Cadbury's capitulation to the advances of the American food conglomerate Kraft has dislodged a healthy dollop of chocolate-coated sentimentalism here in Britain. One member of the Cadbury family reacted with horror yesterday to the acquisition of this 186-year old confectioner by "a plastic cheese company".
Such snobbishness need not be taken very seriously. It is true that Cadbury, with its Quaker roots, has a distinguished history of philanthropy. But the reality is that the days in which the company revered ethics as much as profit ended long ago. Cadbury is now a hard-nosed multinational conglomerate in its own right, albeit a significantly smaller one than Kraft.
The concerns over the future of 4,400 Cadbury UK jobs, the bulk in Bournville and Somerdale, do deserve to be taken seriously. But despite the admission yesterday of inevitable job cuts at Cadbury's Uxbridge head office, it seems alarmist to argue that Kraft is set to impose savage cuts on British operations. Kraft's true target has always been Cadbury's foothold in developing countries such as India and Mexico, rather than its British operations. And that is where the focus of Kraft's management is likely to be.
In any case, the fact is that businesses in Britain floated on the stock market (as Cadbury has been) are for sale to anyone with the money to buy them, regardless of nationality. Successive governments have ensured that Britain's economy is fully open to all investors, with no restrictions on ownership. Whether one agrees with that policy or not (and this newspaper believes the benefits far outweigh the costs) it would be ridiculous for the Government, having sanctioned the sale of airports and power stations to foreign companies, to block the sale of a a confectioner on the grounds of national interest.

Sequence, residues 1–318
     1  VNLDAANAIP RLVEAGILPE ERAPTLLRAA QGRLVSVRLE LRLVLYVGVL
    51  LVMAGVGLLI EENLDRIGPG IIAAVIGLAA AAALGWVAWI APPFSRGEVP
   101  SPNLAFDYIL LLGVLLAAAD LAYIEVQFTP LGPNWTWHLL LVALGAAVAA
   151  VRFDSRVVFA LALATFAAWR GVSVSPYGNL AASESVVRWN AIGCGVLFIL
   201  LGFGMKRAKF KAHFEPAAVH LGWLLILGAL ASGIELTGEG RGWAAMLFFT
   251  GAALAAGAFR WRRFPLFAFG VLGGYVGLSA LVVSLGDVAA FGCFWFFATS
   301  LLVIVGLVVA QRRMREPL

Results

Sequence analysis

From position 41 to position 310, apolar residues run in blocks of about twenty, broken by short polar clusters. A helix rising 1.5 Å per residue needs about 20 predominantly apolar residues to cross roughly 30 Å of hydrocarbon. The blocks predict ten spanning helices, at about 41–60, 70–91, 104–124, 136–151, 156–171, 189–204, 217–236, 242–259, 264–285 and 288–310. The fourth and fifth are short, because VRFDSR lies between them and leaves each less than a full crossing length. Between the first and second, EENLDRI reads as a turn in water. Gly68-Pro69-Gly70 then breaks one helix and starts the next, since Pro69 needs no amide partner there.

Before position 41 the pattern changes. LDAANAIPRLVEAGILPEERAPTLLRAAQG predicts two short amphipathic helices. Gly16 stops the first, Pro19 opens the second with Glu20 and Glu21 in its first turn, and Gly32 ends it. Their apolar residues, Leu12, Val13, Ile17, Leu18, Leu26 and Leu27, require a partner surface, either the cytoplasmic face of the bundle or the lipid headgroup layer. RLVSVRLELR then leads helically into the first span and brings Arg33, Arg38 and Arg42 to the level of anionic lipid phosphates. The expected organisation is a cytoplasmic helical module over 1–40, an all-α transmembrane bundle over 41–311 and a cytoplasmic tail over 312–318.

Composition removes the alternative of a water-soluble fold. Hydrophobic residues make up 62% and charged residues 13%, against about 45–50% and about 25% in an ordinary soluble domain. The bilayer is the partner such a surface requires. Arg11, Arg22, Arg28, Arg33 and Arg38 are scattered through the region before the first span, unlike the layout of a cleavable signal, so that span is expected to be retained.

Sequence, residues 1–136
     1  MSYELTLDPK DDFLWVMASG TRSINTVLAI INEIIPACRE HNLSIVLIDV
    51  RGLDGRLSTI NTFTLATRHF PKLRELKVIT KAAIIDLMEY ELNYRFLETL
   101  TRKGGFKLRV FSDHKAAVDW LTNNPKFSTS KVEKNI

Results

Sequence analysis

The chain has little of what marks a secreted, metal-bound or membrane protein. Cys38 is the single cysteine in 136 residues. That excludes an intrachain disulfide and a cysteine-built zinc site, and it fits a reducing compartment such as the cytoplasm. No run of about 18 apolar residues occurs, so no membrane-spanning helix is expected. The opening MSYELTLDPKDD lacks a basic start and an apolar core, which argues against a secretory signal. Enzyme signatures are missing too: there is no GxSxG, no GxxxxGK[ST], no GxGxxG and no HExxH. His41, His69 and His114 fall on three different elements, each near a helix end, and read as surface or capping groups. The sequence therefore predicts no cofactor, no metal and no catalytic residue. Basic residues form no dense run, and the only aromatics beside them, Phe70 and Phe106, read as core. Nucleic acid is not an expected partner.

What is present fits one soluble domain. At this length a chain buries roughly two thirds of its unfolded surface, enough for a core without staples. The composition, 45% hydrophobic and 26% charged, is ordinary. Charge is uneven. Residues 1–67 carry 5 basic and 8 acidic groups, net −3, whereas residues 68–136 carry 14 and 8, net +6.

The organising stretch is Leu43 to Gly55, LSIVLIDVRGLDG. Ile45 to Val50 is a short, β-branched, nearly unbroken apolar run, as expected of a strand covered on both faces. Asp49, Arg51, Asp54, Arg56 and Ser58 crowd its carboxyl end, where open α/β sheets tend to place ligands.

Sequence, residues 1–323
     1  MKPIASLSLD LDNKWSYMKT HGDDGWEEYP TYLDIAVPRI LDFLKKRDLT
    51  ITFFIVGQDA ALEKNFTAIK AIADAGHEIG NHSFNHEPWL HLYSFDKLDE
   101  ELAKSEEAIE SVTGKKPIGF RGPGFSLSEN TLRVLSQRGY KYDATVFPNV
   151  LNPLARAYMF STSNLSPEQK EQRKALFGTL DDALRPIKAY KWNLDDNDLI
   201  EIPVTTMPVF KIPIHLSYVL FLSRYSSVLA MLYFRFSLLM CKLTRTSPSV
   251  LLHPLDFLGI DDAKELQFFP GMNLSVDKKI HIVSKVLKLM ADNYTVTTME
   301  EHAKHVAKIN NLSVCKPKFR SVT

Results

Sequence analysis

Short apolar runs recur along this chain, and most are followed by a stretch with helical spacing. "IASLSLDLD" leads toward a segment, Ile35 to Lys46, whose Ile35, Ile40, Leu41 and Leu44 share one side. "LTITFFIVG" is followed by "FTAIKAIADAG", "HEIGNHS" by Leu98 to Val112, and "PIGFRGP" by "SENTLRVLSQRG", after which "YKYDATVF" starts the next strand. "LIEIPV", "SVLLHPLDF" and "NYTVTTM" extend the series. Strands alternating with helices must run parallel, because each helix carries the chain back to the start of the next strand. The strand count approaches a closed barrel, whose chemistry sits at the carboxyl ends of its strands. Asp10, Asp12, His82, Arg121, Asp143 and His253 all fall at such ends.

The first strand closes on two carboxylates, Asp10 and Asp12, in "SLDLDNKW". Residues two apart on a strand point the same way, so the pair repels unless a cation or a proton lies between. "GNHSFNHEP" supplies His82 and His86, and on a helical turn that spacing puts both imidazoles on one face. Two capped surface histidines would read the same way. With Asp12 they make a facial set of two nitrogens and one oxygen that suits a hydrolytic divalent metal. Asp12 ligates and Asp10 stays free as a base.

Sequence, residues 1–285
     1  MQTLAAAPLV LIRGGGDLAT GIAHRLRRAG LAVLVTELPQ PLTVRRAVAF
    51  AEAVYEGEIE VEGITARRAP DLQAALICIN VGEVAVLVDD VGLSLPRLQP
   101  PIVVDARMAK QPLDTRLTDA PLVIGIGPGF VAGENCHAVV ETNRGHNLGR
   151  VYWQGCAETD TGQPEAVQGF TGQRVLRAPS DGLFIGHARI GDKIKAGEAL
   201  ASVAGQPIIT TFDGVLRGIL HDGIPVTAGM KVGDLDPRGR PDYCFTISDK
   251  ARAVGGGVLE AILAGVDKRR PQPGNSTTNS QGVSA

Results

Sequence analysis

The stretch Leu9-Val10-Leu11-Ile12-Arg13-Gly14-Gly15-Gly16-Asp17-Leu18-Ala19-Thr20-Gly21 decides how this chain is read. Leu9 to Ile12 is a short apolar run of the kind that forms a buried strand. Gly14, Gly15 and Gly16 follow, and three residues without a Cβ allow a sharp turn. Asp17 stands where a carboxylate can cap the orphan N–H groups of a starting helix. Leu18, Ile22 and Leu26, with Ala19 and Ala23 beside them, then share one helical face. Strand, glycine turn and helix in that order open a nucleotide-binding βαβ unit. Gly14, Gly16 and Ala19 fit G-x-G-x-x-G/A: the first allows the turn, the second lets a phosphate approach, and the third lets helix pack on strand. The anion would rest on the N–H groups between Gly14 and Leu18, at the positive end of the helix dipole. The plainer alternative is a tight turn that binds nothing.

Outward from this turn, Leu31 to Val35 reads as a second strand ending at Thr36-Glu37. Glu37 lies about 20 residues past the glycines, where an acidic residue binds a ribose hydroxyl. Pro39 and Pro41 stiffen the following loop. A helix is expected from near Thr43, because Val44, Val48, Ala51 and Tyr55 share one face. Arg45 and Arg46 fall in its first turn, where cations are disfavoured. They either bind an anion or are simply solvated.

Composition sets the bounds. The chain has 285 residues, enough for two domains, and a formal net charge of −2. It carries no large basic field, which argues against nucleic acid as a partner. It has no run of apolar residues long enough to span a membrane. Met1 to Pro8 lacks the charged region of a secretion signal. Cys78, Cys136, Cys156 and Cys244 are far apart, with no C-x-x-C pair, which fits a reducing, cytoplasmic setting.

A better reason for concern over this acquisition is not history, sovereignty or jobs, but the questionable commercial logic behind it. Kraft has paid a considerable price to acquire Cadbury and will need to borrow $11.5bn to finance the takeover. Kraft's management will have to increase revenues significantly if they are to justify that outlay and make good on the bold promises made to their own shareholders. That is a considerable challenge.
And it might work out. The world's most successful investor, Warren Buffet, for one, believes that Kraft has plenty of scope for growth. He intervened to ensure that Kraft did not mint too many new shares to make this purchase because he believes the US firm is undervalued.
But nothing is guaranteed. And concerns linger that Kraft's management, cheered on by bankers and lawyers and fired by a hubristic ambition to become the world's largest confectioner, have bitten off more than they can chew. Never mind emotive issues about national ownership, when managements start to consider size more important than a clear-eyed assessment of the possibilities for profit that is the time for alarm bells to start ringing.